Wright Sermons in Tampa Canceled

Rev. Wright will not be speaking in Tampa this weekend after all.

The Rev. Earl Mason cited security concerns and said the three-night revival featuring Wright was turning into an "event" and media circus, rather than the celebration of the church's 10th anniversary that it was intended to be, so Mason asked him to stay in Chicago.

Good. Perhaps now we can get back to important issues like universal health care and ending the war in Iraq and how to count the votes of the 2.2 million voters in Florida and Michigan.

Rev. Wright is a distraction. Focusing on him puts us right in the midst of the Republican playbook. If he weren't Barack Obama's pastor, his remarks would be a blip on the radar screen.

Update: Comments mow closed.

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    Blip? (5.00 / 3) (#56)
    by Abdul Abulbul Amir on Tue Mar 25, 2008 at 07:52:28 PM EST

    If he weren't Barack Obama's pastor, his remarks would be a blip on the radar screen.

    Thats true but so what.  There are plenty of truther, racist bigots out there.  Thats not the issue.  The issue is BHO's choice to associate with one.  Closely.  For decades.  Then his implication that the "typical white person" is racist as well.  Ha!  Why start a conversation about race with a racist assertion?

    Anyone that has chosen to closely associate himself with such venomous bigotry for decades has no moral authority.  Particularly after dumping on his own grandmother.  

    If you think he was (5.00 / 2) (#106)
    by Abdul Abulbul Amir on Tue Mar 25, 2008 at 08:34:26 PM EST

    you are welcome to that conclusion.  I don't agree.

    Letter from a Birmingham Jail (none / 0) (#115)
    by RalphB on Tue Mar 25, 2008 at 08:46:23 PM EST
    is a great example of MLK not being the least bit racist.  He got on his fellow clergy, and moderate whites and blacks, for being willing to go along to get along.  That's not exactly what you're saying, I don't believe.  The letter is profound and is real inspiration.  Too bad we don't have another like him today.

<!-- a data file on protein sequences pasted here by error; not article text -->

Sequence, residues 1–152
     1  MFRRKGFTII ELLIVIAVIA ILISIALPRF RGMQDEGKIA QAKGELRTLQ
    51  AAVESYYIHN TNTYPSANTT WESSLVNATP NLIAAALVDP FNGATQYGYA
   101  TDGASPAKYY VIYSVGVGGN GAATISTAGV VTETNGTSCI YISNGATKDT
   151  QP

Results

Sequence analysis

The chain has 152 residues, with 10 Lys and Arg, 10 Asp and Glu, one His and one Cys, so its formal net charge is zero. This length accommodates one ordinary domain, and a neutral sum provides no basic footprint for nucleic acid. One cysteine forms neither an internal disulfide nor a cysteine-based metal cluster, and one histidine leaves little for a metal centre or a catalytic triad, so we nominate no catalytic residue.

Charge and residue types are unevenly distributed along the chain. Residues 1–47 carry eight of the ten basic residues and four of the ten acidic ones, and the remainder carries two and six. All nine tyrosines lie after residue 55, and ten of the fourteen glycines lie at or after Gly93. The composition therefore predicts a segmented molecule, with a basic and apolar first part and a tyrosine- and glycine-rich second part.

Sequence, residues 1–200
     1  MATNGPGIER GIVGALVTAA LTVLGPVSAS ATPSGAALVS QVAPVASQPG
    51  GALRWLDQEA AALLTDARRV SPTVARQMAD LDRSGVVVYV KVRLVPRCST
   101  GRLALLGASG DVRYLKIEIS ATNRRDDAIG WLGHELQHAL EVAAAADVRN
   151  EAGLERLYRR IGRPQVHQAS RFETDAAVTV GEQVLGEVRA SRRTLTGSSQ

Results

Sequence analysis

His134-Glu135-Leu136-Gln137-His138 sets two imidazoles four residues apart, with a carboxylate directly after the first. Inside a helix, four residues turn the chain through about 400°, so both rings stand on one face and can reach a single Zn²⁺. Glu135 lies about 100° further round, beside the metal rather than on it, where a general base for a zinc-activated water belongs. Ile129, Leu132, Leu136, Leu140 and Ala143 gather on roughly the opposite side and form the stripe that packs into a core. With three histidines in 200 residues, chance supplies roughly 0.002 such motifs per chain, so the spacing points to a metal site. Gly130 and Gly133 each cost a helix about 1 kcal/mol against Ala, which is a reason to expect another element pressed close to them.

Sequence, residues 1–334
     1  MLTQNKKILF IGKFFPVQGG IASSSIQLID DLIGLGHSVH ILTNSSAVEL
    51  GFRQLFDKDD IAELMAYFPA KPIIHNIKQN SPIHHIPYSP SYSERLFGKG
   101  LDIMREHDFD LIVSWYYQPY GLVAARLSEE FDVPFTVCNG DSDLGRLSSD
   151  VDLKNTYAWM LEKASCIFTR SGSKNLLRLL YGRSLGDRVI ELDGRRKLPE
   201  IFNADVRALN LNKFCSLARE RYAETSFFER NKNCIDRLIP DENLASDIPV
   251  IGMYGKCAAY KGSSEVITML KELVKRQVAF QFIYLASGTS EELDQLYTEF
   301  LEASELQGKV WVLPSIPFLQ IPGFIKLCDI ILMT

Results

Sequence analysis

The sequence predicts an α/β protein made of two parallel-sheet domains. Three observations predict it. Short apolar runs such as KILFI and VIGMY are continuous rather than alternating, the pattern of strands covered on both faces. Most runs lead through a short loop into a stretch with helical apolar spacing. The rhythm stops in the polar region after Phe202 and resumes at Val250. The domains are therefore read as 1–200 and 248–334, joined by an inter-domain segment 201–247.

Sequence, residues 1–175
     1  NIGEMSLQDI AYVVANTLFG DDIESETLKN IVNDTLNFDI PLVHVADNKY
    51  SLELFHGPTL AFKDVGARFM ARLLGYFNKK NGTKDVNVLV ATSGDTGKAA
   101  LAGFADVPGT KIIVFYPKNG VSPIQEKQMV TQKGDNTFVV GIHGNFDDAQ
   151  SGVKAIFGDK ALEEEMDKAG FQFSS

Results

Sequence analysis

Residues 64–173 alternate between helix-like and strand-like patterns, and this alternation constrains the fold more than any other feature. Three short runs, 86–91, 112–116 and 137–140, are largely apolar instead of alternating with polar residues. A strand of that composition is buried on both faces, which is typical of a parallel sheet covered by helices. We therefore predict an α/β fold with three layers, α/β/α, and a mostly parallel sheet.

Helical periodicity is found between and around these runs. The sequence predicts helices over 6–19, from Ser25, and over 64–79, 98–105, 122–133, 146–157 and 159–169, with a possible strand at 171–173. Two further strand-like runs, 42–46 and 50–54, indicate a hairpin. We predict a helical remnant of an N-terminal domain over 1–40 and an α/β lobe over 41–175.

That's a profound letter (none / 0) (#125)
    by ghost2 on Tue Mar 25, 2008 at 08:54:44 PM EST
    and everyone should read it often and take its lessons to heart.  

    MLK isnt racists, and neither is Rev. Wright (none / 0) (#198)
    by Raheem on Tue Mar 25, 2008 at 10:33:02 PM EST
    In fact, Bernice King is an elder at New Birth Cathedral in Atlanta, Eddie Long's church, and last Sunday she said that MLK jr was going to deliver a sermon called "America may go to hell" at his church... unfortunately, he was assassinated that week before he was to deliver that Sermon... she said that MLK jr's sermon was spoken through Rev. Wright...

    as were a lot of his great sermon's and speeches... u all need some perspective


    When you attack (none / 0) (#202)
    by Raheem on Tue Mar 25, 2008 at 10:39:53 PM EST
    The white power structure in this country... its considered racism... if MLK was alive today, and their wasn't a Malcolm X, he would be considered a racist also... its what's sad

    At least (5.00 / 0) (#207)
    by Abdul Abulbul Amir on Tue Mar 25, 2008 at 10:56:16 PM EST

    At least when you accuse that structure of releasing the AIDS virus for the purpose of killing people of color.  Shameful.

    Who said he is right there? (none / 0) (#210)
    by Raheem on Tue Mar 25, 2008 at 11:13:35 PM EST
    He isn't... but its understanding the thinking. Why would he say that? because stuff like this was not so far fetched in his generation

    You know (5.00 / 3) (#72)
    by sas on Tue Mar 25, 2008 at 08:07:28 PM EST
    I don't think I care about any of this anymore.

    I've had it up to here.

    I'm totally fatigued by all of this- same thing day after day.

    My mind is made up.  

    I know who I'm voting for and I will vote for no one else.

    I know what you mean, I'm digging in.... (5.00 / 7) (#86)
    by Maria Garcia on Tue Mar 25, 2008 at 08:21:11 PM EST
    ....I'm starting to feel like I did when everyone in the MSM and GOP ganged up on Bill Clinton and the Obama supporter bringing up Lewinsky didn't help. We are really and truly in a stalemate now, but hearing the same old gang plus the Obama fan club gang up on Hillary might actually work out in her favor. It's too much, really. Way too much. Too excessive and obvious that even the most oblivious voters will start to smell a rat soon.

    If the U.S. voter is unable to (5.00 / 3) (#91)
    by oculus on Tue Mar 25, 2008 at 08:25:04 PM EST
    smell the rat in today's events, I don't really expect the voter to ever figure it out.  

    I absolutely agree, except I've already (none / 0) (#88)
    by oculus on Tue Mar 25, 2008 at 08:22:44 PM EST
    voted in the primary and don't expect my candidate to be the Dem. nominee.  

    I Should Be So Lucky (none / 0) (#111)
    by Coral Gables on Tue Mar 25, 2008 at 08:40:54 PM EST